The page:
Unfolding over the past year, we’ve experienced something at Northern Woodlands that serves as a symbol for everything that we’ve stood for since we began publishing this magazine 11 years ago.
It began when a member of our Board called to tell us of a family that owned 100 acres of woodlands in East Burke, Vermont; they wanted to donate the property to an organization that would conserve it and use it to help educate people about the natural world. He had suggested to them that Northern Woodlands would be an appropriate steward of their vision.
In August of 2004, the family of Edward J. Oresky conveyed this land to Northern Woodlands – it was a gift outright, embodying full trust both in us and in the future of the land itself.
Our Board discussed the best way for us to use this gift in a way that honored the spirit with which it was given. We decided that we weren’t the ones to make best long-term use of the land; with limited resources and a full plate of program work, active management of forestland and a hands-on outreach and education program there was more than we could take on. And other organizations throughout the Northern Forest are doing this kind of work really well.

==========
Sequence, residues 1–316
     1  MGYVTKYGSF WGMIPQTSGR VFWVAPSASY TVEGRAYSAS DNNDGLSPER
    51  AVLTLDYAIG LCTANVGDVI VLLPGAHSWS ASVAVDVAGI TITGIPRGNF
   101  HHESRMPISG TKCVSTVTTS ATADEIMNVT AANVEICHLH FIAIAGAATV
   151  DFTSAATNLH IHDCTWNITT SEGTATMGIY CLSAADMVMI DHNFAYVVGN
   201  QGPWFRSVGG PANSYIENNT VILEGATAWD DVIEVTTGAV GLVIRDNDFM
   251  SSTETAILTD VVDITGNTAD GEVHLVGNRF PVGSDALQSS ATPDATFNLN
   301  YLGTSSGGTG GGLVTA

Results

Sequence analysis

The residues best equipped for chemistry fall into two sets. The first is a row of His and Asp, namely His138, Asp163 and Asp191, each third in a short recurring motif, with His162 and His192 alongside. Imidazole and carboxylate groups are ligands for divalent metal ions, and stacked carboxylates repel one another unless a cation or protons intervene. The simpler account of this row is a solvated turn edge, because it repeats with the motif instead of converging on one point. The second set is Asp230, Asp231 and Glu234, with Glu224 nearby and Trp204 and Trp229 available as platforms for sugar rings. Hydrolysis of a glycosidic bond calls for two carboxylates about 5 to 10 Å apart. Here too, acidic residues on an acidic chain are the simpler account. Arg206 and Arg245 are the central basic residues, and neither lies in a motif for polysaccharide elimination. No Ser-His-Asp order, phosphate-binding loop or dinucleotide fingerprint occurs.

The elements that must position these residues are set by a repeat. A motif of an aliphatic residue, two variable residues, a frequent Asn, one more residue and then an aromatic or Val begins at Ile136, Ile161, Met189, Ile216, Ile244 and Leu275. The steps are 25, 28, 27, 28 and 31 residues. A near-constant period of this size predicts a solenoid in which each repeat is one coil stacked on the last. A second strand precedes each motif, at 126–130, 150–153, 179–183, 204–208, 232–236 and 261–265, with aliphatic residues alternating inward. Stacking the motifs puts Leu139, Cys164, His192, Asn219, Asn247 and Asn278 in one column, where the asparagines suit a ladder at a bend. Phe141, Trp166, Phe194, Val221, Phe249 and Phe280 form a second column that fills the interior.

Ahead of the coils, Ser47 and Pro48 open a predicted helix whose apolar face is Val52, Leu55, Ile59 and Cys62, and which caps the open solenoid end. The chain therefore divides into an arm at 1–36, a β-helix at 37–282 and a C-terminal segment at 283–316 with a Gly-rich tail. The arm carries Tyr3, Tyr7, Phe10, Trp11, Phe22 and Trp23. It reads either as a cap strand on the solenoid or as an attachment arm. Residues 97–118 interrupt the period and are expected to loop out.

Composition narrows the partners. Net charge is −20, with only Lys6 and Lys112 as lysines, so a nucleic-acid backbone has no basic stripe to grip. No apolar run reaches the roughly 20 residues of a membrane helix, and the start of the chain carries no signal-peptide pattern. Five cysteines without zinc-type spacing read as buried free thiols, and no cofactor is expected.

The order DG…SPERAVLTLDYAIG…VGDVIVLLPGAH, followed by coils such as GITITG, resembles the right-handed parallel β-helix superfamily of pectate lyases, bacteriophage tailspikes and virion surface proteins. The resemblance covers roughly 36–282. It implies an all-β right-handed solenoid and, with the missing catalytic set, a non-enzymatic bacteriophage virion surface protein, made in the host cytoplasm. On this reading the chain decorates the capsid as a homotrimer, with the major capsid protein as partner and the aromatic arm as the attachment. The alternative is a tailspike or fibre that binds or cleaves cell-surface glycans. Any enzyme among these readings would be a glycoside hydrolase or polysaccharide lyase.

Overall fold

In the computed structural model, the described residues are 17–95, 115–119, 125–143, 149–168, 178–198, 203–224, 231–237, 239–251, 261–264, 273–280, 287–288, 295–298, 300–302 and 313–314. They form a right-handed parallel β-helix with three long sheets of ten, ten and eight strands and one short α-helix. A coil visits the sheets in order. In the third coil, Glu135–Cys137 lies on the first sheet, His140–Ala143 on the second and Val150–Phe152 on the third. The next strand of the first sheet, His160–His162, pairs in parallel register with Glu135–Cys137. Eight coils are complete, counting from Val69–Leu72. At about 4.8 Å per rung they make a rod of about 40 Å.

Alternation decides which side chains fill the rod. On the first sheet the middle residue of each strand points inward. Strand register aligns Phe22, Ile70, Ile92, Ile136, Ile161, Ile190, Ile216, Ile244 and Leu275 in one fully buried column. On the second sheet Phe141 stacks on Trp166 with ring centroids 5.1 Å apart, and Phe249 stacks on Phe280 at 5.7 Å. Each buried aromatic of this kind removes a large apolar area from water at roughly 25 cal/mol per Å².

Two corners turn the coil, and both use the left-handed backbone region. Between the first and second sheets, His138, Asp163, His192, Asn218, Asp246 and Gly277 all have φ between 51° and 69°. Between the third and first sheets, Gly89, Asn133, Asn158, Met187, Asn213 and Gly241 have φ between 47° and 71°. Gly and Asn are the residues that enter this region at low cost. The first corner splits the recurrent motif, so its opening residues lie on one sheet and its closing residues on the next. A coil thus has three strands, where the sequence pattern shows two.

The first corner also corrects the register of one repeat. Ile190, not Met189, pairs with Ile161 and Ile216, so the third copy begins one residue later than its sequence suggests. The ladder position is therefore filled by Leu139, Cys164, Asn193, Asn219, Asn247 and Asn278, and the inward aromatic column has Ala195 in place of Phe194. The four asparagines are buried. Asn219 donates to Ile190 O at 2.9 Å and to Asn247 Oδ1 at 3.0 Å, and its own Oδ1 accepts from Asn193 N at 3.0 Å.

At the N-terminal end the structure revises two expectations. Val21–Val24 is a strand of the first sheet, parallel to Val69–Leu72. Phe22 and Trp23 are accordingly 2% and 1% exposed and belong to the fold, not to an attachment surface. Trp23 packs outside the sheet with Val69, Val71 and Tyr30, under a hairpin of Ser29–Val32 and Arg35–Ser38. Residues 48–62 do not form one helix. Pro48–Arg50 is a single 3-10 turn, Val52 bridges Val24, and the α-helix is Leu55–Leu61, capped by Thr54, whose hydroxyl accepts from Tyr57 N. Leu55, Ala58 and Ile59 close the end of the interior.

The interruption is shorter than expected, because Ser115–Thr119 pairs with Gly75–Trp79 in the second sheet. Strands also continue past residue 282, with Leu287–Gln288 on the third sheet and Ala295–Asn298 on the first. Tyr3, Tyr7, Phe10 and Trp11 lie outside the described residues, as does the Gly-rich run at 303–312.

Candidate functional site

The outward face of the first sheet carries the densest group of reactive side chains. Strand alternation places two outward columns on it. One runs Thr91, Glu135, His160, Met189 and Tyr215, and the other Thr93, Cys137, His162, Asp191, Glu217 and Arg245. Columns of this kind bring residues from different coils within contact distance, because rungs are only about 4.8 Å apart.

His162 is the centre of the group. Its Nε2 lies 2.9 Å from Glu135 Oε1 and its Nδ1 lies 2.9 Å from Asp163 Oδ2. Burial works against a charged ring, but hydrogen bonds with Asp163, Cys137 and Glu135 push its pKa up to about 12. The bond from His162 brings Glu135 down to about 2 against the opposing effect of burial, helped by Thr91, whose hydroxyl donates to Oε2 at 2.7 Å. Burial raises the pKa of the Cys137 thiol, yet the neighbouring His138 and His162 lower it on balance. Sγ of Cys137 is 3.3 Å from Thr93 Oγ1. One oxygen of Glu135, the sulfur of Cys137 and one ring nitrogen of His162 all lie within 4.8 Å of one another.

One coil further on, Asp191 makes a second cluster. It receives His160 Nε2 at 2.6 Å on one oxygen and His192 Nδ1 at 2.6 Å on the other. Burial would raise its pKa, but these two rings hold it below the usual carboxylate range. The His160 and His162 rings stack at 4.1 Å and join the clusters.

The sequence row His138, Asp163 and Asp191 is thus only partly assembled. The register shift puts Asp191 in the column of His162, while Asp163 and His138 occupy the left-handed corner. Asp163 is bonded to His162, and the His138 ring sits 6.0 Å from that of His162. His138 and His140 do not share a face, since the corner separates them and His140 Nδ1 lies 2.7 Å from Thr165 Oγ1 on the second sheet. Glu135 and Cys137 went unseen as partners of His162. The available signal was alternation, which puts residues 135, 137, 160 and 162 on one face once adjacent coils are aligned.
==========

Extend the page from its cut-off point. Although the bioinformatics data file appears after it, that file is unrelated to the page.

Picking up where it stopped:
The Board voted to place a working forest conservation easement on this property and market it, looking for a buyer who would understand and support the spirit of the gift.
We worked with the Vermont Land Trust, a skilled and visionary organization that has protected hundreds of thousands of acres of Vermont’s working landscape, to design a conservation easement that would protect the land’s ecological values and make provision for its productive and educational use. Concurrently, we received a grant from the Freeman Foundation to cover the easement’s legal, administrative, and stewardship costs, thus assuring that, when sold, the full proceeds of the sale would support Northern Woodlands’s program work.
Readers of Northern Woodlands probably noticed a small advertisement in our spring issue: “Conserved Land for Sale.” Following a handful of inquiries, we got a phone call one day from Ric Prescott and Sally Calamaio of East Burke. They loved the idea that the land would be permanently protected, and spoke of their wish to build a home there and use the property as an outdoor classroom for the East Burke School, a private school where Ric serves as headmaster. In short order, the deal was done.
Most folks who know the forest and its associated economy spend at least some time worrying about its future; we’re always on the lookout for hopeful signs. And what could be more hopeful than this story? We receive a generous gift that will help us to sustain our work. A productive tract of forestland is conserved. A local couple sets their roots further into hometown soil. And young people will use the land to learn about its natural wonders, economic productivity, and ecological integrity.
Our thanks go out to all who made this story possible; score one for the future.